O say can you see … that this line begins with an “O” and not an “Oh”? “O” may seem like just an old fashioned way to write “Oh,” but it actually has a slightly different meaning. Consider some other famous O’s: O Captain, my captain, O Pioneers, O Come All Ye Faithful, O Canada, O Brother Where Art Thou, O ye of little faith, O Christmas Tree. These are all examples of what’s known as the vocative O—it indicates that someone or something is being directly addressed. When you say “O Christmas tree” the “O” means you are talking right to the Christmas tree. The rest of the song bears this out. (Your branches are lovely! You’re always wearing that dress of green!) Same for “O Canada” and pretty much any anthem. The words to your school song probably go something like “O [alma mater], your campus is beautiful, and we think you’re great.”
“Oh” has a wider range. It can indicate pain, surprise, disappointment, or really any emotional state. While “oh, man!” could mean a number of things, “O man!” means “hey, you there … you man over there.”
The convention now is that while “oh” can be lower case, and is usually followed by a comma, “O” is always uppercase and without a comma. But there hasn’t always been a strict separation between the two forms. “Oh” and “O” were used interchangeably for a long time. The meanings often overlap too. When Juliet says, “O Romeo, Romeo, wherefore art thou Romeo?” is she addressing him in her imagination or sighing with emotion? A little of both. It’s not hard to see why it’s so difficult to keep a firm border around vocative O in English. These days it looks pretty rarefied and archaic and is usually only seen in old poem and song titles...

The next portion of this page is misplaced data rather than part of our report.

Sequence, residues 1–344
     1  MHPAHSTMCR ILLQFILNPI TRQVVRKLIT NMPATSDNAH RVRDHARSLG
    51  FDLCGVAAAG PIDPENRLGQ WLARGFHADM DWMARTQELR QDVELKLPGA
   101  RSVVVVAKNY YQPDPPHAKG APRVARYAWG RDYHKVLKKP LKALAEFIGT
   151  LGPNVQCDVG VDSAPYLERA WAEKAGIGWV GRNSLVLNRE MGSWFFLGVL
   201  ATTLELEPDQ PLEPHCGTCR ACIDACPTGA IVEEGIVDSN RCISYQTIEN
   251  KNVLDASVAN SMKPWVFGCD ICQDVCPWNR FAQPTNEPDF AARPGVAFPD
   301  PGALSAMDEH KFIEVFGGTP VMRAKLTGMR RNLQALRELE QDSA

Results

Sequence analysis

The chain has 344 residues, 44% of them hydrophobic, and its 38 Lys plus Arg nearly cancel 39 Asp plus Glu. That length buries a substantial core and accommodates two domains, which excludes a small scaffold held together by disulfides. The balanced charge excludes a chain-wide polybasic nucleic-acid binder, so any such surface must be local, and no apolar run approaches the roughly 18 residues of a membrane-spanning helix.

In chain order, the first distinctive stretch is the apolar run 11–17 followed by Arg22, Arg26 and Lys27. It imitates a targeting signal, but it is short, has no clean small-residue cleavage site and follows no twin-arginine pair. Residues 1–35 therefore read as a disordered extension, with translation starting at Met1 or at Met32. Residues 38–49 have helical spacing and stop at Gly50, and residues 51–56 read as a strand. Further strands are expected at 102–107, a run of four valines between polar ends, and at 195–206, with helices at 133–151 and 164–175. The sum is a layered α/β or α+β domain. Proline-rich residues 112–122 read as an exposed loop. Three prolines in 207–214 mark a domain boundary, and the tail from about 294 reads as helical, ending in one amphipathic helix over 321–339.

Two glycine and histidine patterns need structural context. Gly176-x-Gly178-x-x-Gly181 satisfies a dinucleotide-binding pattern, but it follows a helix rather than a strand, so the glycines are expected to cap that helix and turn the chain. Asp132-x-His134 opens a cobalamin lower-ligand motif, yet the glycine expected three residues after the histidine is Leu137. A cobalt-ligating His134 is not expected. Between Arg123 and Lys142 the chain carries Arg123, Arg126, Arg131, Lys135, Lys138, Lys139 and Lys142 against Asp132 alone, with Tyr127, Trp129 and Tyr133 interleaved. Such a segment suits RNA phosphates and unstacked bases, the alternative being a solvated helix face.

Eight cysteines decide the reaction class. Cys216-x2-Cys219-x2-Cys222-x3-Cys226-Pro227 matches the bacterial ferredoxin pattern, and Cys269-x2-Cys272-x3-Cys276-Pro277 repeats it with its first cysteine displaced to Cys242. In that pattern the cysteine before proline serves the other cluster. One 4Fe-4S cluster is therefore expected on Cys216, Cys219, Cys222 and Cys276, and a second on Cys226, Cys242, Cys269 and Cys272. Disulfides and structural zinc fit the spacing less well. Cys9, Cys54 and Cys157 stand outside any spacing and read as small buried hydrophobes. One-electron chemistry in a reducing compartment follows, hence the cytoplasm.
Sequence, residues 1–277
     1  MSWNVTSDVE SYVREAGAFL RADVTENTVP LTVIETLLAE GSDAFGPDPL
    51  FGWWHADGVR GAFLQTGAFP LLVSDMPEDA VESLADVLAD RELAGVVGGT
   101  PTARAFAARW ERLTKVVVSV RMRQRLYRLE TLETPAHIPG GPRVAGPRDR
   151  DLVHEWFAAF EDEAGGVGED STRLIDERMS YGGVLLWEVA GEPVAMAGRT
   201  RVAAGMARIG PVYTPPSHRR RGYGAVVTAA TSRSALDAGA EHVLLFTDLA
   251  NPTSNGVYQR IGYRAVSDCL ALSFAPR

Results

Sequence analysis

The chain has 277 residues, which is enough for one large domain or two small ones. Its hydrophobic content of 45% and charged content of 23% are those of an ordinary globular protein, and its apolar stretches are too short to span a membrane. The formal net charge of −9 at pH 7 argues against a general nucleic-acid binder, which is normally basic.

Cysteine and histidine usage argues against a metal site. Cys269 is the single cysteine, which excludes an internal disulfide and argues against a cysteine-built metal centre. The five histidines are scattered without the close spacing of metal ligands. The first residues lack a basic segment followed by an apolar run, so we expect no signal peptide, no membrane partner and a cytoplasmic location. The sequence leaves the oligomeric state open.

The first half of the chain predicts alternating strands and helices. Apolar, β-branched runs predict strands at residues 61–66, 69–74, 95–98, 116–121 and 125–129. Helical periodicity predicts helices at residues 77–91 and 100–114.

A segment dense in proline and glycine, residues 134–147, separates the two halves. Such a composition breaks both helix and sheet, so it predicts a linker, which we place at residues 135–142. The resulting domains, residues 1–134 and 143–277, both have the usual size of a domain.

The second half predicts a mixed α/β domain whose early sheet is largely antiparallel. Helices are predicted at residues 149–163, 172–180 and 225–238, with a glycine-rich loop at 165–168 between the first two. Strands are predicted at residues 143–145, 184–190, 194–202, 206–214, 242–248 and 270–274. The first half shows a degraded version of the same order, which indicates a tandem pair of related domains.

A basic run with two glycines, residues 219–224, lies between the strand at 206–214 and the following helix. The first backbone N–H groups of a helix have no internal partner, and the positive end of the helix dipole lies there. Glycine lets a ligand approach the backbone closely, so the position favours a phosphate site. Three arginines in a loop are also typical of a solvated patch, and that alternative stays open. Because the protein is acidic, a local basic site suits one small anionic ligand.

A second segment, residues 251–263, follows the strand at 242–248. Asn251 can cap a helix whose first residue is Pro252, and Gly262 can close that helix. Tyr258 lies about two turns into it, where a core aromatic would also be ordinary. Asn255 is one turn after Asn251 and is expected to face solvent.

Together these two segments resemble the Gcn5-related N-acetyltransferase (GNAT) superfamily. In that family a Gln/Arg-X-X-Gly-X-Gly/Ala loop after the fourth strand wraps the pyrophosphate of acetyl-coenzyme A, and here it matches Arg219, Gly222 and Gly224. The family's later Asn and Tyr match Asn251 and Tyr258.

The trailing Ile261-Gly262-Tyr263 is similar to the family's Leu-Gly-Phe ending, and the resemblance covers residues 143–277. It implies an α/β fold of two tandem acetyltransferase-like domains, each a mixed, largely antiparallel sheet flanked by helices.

...ya, rly. Thanks to LOLspeak, "O" has found a way to adapt and survive, but there it's not limited to the vocative sense. The versatile, nimble "O" rolls on its merry way, picking up new meanings, and trying to stay relevant however it can.